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Phyto-pigment composition in a GBR World Heritage area affected by Fitzroy outflow
journal contributionposted on 09.03.2018, 00:00 by Maryanne Jones, Larelle FabbroLarelle Fabbro, LA Clementson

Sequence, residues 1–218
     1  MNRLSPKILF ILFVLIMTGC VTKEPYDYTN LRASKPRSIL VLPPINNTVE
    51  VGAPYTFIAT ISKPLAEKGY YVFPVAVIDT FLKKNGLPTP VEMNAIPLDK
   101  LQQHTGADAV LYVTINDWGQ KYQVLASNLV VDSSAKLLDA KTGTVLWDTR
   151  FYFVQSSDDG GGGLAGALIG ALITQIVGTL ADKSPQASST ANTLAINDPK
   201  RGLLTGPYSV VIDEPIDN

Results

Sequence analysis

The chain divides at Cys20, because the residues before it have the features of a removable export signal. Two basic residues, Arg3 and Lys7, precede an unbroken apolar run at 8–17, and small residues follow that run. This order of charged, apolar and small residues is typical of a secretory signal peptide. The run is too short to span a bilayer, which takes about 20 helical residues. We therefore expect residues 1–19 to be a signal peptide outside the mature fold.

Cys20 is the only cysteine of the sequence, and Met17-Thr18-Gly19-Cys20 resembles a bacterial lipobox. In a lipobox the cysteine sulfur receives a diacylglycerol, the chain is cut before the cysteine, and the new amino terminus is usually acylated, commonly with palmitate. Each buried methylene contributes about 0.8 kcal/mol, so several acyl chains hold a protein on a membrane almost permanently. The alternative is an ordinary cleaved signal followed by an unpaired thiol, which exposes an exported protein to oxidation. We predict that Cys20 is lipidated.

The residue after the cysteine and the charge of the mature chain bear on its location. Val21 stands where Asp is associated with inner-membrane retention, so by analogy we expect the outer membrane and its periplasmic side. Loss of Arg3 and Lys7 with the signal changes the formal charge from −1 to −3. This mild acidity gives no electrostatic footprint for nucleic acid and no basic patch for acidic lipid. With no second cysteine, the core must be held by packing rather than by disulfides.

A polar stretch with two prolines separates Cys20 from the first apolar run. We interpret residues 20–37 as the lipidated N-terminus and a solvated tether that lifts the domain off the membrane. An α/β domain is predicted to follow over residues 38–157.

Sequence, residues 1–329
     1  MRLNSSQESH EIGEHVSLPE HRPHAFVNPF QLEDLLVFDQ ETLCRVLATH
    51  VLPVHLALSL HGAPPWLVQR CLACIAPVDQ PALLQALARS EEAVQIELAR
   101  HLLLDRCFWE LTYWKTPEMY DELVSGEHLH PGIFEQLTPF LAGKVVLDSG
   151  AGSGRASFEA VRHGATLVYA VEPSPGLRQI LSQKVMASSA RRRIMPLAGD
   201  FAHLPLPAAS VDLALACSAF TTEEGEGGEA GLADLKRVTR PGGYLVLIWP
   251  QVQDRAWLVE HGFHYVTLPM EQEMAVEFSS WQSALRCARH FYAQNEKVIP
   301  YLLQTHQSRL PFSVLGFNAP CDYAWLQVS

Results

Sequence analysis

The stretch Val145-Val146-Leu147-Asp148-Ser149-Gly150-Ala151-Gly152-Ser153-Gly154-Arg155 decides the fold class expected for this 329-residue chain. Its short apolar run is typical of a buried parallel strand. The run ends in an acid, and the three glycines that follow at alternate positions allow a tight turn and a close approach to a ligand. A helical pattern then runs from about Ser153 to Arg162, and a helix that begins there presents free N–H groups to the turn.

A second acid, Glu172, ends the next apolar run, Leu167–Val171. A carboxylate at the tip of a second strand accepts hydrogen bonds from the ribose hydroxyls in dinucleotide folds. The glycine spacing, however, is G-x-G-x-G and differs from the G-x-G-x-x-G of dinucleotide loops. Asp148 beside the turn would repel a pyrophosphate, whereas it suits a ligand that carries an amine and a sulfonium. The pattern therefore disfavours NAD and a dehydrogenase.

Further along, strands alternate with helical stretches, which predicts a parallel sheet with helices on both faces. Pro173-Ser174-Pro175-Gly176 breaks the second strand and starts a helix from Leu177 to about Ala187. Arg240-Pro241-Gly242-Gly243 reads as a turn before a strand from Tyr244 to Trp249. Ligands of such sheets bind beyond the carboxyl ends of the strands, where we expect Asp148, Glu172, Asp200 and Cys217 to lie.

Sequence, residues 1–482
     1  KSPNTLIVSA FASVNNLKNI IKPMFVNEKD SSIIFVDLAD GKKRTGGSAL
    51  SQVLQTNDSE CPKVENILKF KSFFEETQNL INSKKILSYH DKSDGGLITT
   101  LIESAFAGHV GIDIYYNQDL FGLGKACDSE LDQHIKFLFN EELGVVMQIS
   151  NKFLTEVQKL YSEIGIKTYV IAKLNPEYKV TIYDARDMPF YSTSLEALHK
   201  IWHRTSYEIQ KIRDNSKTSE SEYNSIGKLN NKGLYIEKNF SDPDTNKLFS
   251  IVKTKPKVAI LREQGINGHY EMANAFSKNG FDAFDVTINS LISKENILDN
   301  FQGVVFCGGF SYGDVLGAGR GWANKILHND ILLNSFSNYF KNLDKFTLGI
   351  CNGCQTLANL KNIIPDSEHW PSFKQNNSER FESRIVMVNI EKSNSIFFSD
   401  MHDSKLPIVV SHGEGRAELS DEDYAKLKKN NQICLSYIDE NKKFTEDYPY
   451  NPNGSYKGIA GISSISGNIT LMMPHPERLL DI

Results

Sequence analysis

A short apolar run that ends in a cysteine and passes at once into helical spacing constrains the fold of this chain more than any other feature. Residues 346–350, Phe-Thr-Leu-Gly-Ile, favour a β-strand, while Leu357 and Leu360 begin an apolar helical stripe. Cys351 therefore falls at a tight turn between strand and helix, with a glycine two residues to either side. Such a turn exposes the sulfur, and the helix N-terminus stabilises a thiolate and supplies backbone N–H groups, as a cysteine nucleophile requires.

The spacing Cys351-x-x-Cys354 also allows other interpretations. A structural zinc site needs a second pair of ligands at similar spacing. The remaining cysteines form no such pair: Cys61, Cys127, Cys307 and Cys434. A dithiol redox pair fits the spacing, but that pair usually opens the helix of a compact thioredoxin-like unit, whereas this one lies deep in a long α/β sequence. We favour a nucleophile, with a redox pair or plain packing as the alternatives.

This research reports on the phyto-pigment composition (by High Performance Liquid Chromatography) within the southern Great Barrier Reef World Heritage Area at the end of a 15-year dry spell, and then during and after an intervening flood event. The study period covers the wet season of 2007-08 and involves four main estuaries of the Capricorn Coast, namely Corio Bay, Ross Creek, the Causeway Lake and Cawarral Creek. These flow into the southern Great Barrier Reef World Heritage Area (GBRWHA) and are situated about 20-60 km north of where the Fitzroy River estuary meets the sea in north eastern Australia. The four estuaries were sampled on three occasions, during the study period, while one estuary was sampled continuously on a fortnightly basis for water quality and phyto-pigment concentrations. Phyto-pigment concentrations indicated the relative presence of different phytoplankton functional groups such as diatoms (fucoxanthin), cyanobacteria (zeaxanthin) and green flagellates (chlorophyll b). Trends in phytoplankton assemblages were analysed using multivariate analyses, including the relationship between phyto-pigment composition and water quality. Overall, cyanobacteria were dominant in spring and summer before large river outflows stimulated diatoms, and green flagellates followed in the cooler and lower-nitrogen waters of autumn. We propose that large Fitzroy River outflows have profound biogeochemical importance for the Capricorn Coast and can cause significant phytoplankton shifts in this world heritage area. Moreover, this study provides a valuable contribution towards understanding the presence/absence of phytoplankton functional groups with extreme climate conditions in this southern GBRWHA region. © 2016 Elsevier B.V. All rights reserved.